I picked Chicken Lady’s homecoming for sort of the opposite reason I picked Dave’s “Menstruation” piece. I love this piece because it was when we were getting more filmic. Whereas “Menstruation” might have taken an hour to shoot, this would have taken us a day and a half and that was the beauty of the balance. Mark loves to dig in and we really did on this one. It’s also kind of sweet. When the Chicken Lady is born, they’re going to kill it, but then it squawks and Kevin wants it to be his baby. That’s so sweet!
We had lots of success with the Chicken Lady in the troupe, but when it came to running characters, we all looked at them with the lens of “Be careful.” If one of us brought in a piece about a recurring character to the other guys, they would say “Okay, I hope it’s good.” There was a certain skepticism about these characters and we had to prove it more than we would with something new. The only real exception to that was when Scott would do Buddy Cole, because Buddy Cole was Scott’s muse.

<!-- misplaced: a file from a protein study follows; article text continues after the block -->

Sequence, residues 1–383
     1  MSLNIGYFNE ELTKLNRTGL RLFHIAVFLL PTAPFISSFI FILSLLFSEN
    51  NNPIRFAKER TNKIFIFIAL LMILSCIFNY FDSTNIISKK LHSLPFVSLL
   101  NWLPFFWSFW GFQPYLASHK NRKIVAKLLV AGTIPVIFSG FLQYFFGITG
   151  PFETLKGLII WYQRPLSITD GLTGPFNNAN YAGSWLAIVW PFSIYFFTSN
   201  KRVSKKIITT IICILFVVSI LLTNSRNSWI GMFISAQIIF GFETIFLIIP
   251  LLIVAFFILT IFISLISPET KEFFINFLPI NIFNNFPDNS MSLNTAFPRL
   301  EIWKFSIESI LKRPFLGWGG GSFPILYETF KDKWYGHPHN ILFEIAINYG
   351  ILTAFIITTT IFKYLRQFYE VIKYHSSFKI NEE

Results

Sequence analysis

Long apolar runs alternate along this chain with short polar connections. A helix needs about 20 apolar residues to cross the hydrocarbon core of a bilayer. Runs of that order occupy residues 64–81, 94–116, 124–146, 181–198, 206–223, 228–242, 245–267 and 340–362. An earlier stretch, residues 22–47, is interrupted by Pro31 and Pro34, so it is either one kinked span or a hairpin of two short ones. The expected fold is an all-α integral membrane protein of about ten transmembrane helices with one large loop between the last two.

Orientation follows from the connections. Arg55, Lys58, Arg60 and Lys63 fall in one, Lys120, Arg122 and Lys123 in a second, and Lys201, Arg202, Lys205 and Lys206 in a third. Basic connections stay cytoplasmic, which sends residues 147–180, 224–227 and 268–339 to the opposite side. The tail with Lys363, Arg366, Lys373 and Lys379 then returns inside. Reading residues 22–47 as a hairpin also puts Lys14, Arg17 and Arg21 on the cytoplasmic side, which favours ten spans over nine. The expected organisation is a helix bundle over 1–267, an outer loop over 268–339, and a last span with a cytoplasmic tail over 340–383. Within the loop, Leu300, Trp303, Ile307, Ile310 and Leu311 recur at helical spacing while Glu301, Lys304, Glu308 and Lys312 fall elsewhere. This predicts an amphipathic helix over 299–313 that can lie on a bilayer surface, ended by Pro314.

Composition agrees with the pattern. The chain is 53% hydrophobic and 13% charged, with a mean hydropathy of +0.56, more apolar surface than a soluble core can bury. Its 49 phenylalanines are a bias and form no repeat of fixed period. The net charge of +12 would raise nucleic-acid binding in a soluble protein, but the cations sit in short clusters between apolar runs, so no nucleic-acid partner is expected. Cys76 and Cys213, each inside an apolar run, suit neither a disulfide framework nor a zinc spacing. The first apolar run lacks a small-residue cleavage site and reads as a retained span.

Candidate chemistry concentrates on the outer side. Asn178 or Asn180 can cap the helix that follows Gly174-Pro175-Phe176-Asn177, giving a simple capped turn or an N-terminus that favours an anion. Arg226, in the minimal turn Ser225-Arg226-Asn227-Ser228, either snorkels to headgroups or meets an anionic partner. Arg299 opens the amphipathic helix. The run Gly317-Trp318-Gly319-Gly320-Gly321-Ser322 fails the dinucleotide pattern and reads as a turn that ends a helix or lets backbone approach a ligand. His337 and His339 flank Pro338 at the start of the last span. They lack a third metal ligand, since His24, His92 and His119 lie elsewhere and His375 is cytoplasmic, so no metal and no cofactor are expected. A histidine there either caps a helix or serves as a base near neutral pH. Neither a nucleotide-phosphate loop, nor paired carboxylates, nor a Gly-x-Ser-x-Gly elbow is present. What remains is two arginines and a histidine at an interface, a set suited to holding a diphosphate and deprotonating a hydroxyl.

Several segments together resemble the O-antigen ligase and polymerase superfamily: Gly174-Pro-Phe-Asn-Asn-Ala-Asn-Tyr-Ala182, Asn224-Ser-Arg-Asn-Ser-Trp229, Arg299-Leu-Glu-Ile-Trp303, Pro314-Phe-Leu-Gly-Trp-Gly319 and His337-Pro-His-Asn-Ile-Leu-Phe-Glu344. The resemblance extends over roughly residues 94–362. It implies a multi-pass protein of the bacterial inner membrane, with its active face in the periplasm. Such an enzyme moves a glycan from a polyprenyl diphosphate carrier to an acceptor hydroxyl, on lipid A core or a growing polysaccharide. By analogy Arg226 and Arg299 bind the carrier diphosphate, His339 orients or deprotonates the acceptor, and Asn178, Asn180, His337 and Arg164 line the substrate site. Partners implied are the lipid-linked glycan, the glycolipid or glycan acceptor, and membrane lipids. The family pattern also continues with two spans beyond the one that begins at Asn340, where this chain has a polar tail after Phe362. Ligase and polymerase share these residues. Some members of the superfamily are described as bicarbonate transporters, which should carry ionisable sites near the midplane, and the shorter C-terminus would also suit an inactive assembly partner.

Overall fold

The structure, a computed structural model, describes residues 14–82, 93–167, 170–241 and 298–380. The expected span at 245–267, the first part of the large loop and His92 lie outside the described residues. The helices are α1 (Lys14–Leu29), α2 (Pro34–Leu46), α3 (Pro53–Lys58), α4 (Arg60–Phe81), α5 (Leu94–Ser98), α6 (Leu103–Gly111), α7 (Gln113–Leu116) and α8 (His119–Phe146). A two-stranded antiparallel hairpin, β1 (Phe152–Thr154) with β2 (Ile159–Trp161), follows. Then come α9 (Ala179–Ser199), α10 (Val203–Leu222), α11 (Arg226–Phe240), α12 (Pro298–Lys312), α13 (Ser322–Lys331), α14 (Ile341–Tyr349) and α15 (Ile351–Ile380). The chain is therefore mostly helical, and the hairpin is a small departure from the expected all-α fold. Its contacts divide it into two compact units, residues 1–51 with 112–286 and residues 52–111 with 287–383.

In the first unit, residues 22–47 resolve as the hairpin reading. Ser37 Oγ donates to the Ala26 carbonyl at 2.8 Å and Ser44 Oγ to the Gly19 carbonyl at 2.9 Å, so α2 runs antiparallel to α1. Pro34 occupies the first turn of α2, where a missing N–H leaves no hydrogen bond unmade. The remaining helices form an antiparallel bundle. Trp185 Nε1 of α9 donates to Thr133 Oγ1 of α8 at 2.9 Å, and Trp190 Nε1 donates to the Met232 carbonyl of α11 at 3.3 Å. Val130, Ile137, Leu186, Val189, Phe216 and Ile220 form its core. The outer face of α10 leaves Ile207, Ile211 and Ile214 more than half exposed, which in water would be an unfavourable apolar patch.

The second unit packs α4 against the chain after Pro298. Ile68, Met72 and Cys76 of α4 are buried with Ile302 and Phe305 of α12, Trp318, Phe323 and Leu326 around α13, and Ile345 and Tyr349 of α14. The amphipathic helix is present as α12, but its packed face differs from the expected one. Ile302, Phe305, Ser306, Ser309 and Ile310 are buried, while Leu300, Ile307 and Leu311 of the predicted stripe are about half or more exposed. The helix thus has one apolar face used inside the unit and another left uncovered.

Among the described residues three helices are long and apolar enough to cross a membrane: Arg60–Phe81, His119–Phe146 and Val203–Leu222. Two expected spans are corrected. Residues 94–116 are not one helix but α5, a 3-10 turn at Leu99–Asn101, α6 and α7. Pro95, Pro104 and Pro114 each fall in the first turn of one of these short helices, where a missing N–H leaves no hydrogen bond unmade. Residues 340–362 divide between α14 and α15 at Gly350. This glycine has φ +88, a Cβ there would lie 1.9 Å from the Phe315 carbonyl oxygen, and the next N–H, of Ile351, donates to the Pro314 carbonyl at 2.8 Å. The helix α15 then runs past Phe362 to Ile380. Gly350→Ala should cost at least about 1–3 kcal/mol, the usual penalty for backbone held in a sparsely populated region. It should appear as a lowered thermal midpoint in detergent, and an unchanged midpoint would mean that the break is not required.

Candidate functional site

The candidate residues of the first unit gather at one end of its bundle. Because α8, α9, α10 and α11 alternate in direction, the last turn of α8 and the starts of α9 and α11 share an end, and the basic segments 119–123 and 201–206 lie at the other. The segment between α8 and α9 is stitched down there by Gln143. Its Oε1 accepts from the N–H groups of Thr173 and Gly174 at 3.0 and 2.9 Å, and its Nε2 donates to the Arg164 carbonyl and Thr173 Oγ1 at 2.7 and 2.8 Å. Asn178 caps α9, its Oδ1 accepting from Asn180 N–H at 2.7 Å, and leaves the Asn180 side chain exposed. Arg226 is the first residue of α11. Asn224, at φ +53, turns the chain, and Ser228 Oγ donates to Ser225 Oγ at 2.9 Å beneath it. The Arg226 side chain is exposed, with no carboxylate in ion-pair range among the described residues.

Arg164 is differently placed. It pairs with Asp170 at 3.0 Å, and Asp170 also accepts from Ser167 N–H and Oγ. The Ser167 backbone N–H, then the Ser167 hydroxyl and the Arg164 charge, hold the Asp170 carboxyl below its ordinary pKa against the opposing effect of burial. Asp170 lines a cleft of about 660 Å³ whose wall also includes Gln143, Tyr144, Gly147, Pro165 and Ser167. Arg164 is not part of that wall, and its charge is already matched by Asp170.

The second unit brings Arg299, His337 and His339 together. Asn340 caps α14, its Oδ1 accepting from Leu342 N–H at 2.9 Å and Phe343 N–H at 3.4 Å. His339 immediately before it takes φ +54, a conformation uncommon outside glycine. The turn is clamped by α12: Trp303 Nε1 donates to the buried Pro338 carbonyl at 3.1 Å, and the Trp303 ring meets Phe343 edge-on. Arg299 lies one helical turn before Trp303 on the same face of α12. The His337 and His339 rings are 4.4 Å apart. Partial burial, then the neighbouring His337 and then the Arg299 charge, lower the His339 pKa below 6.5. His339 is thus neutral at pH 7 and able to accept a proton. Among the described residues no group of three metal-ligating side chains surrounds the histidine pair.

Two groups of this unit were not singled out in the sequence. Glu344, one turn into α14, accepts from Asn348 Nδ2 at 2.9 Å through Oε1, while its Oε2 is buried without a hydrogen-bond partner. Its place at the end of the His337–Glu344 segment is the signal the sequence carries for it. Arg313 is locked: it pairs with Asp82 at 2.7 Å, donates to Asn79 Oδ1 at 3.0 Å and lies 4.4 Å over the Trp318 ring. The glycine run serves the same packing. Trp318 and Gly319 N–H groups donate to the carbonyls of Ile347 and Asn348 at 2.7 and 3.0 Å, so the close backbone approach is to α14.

Bruce McCulloch in “Each Day We Work” (Season Five)
“Each Day We Work” is the kind of sketch you could only find on The Kids in the Hall. While the troupe always had a unique voice, this particular sketch stretches the boundaries of what even they would do. It focuses on two men — Bruce and Mark — shoveling coal into a fire as Bruce contemplates the bleak darkness of his life and existence as a whole. Nearly devoid of noticeable “jokes,” the four-minute sketch is hilarious in what it doesn’t do, in that nothing happens and it doesn’t seem to be about anything (while also being about everything). It’s the kind of chance that only this particular comedy troupe would make, particularly in the final season of their show.